consent of the Board was sought so far to establish the reverse osmosis system or
       any other effective system for the better treatment and purification of the effluent
       treatment plant.

   It was in the above circumstances that the Board has issued the letter dated
   07.05.2005 bearing the no. PCB/PLKD/CE/32/99 pointing out the deficiencies
   detected in the Company’s application dated 20.09.2004 for renewing the Consent to
   Operate and further directing the Company to disclose the source of cadmium
   detected in the sludge as well as in the water of nearly wells. The Company
   responded to the letter dated 07.05.2005 of the Board by the reply letter dated
   19.05.2005 of the Board justifying the application for renewal of consent as if the
   same were free from defects and claiming that the Company was enjoying deemed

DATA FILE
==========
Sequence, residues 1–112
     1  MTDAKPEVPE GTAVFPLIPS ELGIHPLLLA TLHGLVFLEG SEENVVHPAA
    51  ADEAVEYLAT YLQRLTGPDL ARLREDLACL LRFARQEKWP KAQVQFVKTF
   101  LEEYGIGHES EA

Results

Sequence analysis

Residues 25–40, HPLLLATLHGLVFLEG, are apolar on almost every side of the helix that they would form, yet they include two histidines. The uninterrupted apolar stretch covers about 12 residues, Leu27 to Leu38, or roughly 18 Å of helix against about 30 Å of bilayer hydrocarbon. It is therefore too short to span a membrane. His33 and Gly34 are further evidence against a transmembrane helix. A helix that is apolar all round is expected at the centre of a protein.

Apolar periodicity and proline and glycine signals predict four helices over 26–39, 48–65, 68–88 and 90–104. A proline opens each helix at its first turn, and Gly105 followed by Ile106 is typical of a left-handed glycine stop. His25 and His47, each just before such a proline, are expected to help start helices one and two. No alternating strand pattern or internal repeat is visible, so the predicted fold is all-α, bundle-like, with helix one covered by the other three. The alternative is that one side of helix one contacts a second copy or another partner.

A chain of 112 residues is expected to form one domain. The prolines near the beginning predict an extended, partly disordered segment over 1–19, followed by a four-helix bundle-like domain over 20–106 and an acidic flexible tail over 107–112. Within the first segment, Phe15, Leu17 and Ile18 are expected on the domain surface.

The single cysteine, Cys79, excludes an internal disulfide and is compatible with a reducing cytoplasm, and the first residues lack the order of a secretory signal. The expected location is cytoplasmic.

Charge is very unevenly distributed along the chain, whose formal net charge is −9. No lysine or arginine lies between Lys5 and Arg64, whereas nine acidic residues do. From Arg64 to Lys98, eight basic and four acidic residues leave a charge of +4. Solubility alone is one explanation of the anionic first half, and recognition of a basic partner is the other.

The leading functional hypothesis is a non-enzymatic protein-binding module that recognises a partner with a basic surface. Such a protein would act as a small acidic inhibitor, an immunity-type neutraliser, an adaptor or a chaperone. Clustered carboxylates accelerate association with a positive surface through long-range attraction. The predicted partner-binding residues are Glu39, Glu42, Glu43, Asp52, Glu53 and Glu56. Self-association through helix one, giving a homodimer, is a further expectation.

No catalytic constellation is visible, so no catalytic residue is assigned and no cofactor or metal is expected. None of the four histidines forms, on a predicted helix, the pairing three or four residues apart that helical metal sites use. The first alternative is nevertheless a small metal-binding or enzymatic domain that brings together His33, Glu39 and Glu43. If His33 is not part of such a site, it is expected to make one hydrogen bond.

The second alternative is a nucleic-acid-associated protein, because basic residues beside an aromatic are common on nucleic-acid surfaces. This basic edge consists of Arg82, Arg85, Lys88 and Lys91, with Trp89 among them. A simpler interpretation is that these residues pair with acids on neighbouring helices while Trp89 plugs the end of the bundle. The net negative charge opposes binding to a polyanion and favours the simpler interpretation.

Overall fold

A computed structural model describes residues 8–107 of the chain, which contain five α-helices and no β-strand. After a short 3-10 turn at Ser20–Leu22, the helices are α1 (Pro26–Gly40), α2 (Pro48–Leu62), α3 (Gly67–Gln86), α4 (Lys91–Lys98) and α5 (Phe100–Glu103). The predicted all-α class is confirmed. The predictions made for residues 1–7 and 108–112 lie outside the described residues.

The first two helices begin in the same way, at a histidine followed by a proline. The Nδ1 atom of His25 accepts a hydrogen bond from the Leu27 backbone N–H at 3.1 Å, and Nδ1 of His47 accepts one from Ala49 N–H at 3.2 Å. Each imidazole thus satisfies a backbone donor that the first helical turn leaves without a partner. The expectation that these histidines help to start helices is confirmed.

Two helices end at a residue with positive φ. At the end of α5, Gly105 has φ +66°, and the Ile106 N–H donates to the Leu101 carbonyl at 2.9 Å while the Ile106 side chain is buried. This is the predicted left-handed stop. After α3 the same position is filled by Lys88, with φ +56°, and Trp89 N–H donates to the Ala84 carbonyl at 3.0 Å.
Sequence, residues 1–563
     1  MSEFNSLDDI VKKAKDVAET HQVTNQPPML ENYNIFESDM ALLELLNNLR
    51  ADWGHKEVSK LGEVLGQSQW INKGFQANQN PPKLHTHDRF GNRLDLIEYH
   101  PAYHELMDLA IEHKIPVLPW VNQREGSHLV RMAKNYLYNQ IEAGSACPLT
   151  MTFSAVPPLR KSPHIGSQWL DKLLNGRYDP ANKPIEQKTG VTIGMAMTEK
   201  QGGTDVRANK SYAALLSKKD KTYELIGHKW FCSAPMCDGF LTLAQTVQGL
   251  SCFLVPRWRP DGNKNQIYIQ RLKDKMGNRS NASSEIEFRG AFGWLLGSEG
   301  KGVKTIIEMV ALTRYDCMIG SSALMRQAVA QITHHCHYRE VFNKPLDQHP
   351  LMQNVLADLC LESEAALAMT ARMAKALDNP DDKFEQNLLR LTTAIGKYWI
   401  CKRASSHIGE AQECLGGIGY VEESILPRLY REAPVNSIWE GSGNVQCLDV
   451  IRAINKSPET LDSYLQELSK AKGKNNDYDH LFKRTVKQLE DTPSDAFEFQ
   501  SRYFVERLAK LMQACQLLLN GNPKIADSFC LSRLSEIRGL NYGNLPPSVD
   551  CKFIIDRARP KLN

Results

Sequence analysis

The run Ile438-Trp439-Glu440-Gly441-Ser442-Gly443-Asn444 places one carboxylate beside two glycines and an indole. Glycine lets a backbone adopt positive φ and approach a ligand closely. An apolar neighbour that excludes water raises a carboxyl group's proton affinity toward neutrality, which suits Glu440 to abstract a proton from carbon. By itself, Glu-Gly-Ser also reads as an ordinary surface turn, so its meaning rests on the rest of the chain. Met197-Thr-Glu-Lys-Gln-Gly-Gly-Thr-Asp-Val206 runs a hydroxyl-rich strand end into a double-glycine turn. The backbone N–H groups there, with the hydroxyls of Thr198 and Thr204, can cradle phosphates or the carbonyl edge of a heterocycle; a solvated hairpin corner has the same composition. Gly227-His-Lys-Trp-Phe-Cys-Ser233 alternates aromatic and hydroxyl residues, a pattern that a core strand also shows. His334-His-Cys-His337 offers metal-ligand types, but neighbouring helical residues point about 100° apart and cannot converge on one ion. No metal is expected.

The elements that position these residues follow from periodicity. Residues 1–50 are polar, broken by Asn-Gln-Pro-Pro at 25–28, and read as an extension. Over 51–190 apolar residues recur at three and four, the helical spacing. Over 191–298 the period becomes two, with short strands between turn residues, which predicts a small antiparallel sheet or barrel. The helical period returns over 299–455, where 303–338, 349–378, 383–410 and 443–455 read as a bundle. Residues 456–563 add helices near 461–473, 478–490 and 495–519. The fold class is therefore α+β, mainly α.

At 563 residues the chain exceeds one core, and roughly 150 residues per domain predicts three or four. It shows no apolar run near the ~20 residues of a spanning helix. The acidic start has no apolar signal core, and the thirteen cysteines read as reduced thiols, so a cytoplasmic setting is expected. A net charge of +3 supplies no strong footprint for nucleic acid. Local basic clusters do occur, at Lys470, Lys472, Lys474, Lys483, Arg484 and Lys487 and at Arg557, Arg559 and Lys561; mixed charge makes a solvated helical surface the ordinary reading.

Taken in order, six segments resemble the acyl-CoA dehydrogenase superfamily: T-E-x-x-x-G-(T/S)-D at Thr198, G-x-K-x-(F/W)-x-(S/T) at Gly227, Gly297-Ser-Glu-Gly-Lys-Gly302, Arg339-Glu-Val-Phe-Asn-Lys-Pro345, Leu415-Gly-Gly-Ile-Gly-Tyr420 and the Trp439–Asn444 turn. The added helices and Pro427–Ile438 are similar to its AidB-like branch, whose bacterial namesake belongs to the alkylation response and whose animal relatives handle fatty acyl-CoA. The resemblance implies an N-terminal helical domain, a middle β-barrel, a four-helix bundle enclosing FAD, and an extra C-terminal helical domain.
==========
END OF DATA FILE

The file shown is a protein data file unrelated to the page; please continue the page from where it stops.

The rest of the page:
consent as provided for in Section 25(7) of the Water (Prevention and Control of
   Pollution) Act. The opportunity provided by the Board to the Company to rectify the
   defects in the application was unavailed by the Company. It was in the above
   circumstances that the Board had issued Show Cause Notice dated 01.07.2005
   directing the Company to offer its explanation as to why the renewal of Consent to
   Operate applied for under the Water (Prevention and Control of Pollution) Act should
   not be refused. The Show Cause Notice of the Board dated 01.07.2005 was responded
   by the Company by offering its reply/explanation dated 12.07.2005. In the above
   explanation, the Company had requested the Board to provide an opportunity of being
   heard by the Chairman of the Board and sought the permission to peruse the
   documents maintained by the Board in the matter of the Company.